Imagine you are a guest at a banquet in ancient Greece or Rome more than 2,000 years ago.
Your first course might be raw oysters in the shell, opened for you at the table. Later in an especially sumptuous meal, you might be served mussels and the head of a sea bass. Both were considered great delicacies.
The treasures pulled from the briny deep and presented to aristocracy make it clear. Ancients prized seafood as delicious and health-promoting. In this, as in so much, they were absolutely correct.
Let’s not forget that those Greeks established the first democracy. And the Romans gave us roads and aqueducts, concrete and central heating. These are civilizations with wisdom to emulate today.
So let’s set aside the latest breakthroughs in seafood culinary art, and take a closer look at our distant ancestors’ views about seafood.
Sturgeon, the fish whose eggs sell for top dollar today, was presented with elaborate rituals at Greco-Roman banquets. The Roman poet Martial judged it worthy of a spot on the luxurious tables of the Palatine Mount, the most ancient of the seven hills of Rome its flesh was compared to the ambrosia of the gods.
Whiting, a ray-finned species related to cod but less flavorful, also had a place of honor, according to the Roman writer Pliny the Elder. “This fish, like the sturgeon, was surrounded with the ridiculous honours of an almost divine pomp by Romans. It was served interwoven with garlands, and trumpeters accompanied the slaves who, with uncovered heads and foreheads crowned with flowers, brought to the guests this dish, the merit of which was, perhaps, exaggerated by capricious fancies.”
In ancient writings, accolades were accorded fish of all types. One writer in the fourth century BCE was unequivocal: “Any man who goes to market to get some delicacy and prefers to buy radishes when he may enjoy real fish must be crazy.”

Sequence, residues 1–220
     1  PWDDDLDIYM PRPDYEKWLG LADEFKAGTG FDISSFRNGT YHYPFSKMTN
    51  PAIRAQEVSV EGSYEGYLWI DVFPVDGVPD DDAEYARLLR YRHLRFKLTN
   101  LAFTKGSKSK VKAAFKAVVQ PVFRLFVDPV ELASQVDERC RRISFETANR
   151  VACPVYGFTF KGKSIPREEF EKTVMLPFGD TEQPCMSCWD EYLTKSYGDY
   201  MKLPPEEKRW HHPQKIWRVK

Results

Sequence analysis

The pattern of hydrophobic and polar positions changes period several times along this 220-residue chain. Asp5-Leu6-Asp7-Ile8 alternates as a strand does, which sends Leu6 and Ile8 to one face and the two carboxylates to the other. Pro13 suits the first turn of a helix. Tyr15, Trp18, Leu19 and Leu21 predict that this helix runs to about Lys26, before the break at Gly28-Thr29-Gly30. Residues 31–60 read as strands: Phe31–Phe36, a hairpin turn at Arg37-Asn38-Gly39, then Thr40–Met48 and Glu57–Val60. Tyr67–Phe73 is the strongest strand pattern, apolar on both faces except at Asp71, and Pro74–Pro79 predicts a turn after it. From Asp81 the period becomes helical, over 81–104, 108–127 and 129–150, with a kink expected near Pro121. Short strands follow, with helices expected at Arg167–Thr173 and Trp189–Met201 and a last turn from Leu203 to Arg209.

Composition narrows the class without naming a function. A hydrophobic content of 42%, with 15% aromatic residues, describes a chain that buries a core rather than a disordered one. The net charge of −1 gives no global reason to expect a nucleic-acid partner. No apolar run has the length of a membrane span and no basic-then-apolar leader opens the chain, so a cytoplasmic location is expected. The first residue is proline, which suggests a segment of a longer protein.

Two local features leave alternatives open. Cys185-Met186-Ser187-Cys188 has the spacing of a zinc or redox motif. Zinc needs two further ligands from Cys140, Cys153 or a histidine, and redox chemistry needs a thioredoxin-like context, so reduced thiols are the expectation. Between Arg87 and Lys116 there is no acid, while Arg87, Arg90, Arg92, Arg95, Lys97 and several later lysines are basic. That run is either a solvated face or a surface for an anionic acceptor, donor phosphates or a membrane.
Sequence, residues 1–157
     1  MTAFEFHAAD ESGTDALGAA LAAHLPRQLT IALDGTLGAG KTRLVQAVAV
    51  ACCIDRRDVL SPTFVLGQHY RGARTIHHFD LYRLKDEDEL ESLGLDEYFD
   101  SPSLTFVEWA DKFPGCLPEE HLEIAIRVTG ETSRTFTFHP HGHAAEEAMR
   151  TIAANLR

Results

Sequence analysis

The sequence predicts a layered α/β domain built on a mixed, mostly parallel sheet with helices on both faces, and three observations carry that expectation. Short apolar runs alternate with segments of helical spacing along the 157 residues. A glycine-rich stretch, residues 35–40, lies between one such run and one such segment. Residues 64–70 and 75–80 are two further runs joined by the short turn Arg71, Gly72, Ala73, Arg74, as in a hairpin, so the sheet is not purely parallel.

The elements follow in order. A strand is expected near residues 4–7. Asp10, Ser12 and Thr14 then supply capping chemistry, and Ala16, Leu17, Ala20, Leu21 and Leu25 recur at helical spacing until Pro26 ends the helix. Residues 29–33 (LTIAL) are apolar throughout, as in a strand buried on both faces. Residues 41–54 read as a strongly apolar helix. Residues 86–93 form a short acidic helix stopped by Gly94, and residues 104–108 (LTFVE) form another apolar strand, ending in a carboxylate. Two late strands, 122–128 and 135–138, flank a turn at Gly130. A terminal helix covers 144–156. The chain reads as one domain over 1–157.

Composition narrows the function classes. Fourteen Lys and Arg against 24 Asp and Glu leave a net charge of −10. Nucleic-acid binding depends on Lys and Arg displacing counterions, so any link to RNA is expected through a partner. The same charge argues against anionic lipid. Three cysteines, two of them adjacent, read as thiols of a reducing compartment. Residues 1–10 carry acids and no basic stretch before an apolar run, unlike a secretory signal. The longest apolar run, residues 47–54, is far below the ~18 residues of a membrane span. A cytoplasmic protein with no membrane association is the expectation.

The Roman gourmet Apicius, who some credit with writing the only surviving cookbook of the Greco-Roman world, is said to have sailed personally to Libya in search of particularly large prawns.
One wealthy Roman built a fishpond to grow and fatten oysters with a food that included cooked wine, selling the oysters at a good profit.
Ancient Seafood Recipes – How Did They Cook?
The Greeks turned mackerel into alec, a paste that might be spread on bread. They steamed shellfish, put fish into soups, and pan-fried, grilled, roasted and baked fish in clay vessels. Fish sometimes was stuffed with wild herbs including the precious yellow-flowered herb silphium that was once stockpiled alongside gold by Emperor Julius Caesar.
Here’s the Greek comic playwright Aristophanes:
A: So, then, as for the glaukidion [small owl], I’m ordering you to stew it in brine, like the other times.
B: What about the little sea-bass?
A: Roast it whole.
B: The dogfish?
A: Stew it in a sauce.
B: The eel?
A: Salt, marjoram and water.
B: The conger eel?
B: The skate?
A: Green herbs.
B: There’s also a tuna steak.
A: Roast it.
Along the coast, anchovies and sardines were abundant and within reach for ordinary people. But few could afford the luxuries that were flaunted at banquets. Instead, they had a wide choice of salted, dried or pickled fish and could shop at markets dedicated to such products. Athens imported salted fish from as far as Byzantium in the east and Sicily and Hispania in the west.
Seafood was considered good for you.
The U.S. Dietary Guidelines recommends that we eat at least a cup (roughly eight ounces) of seafood a week.
Ancient Greek doctors had an inkling of what modern science would eventually conclude.
Hippocrates (fifth century BCE), called the father of modern medicine, argued that the best fish would produce good blood. One of his treatises discusses 48 species of fish.
Further descriptions of the benefits of fish came from the physician Diocles of Carystus (fourth century BCE) and physician Galen (129–216 CE). For example, Galen writes that pickled fish from Cadiz, in southwestern Spain, are especially beneficial and could thin “thick, viscid humours.” (The medicine of the time revolved around finding balance between four liquids, translated as humours). Tuna packed in jars in Cadiz was highly-prized.
One doctor recommended eating the tail of swordfish with mustard as a remedy. Sole also specifically was prescribed for the sick. In a recipe from Apicius’ cookbook, he writes: “Skin the soles, place in a sauce pan, add broth, oil, white wine, a bunch of leeks and coriander seed, place on fire, grind a little pepper, oregano, moisten with the fish liquor, take 10 raw eggs, beat them and mix with the remaining liquor; put it all back over the fish, and on a slow fire allow to heat without boiling and thicken to the right consistency; sprinkle with pepper.”
In short, our distant ancestors saw seafood’s advantages in much the same way the wise of today see them – as impressive, delicious, healthful.
How they would have loved a modern improvement – convenience! Imagine the odes they would have written to a lovely box of frozen wild seafood arriving on the doorstep!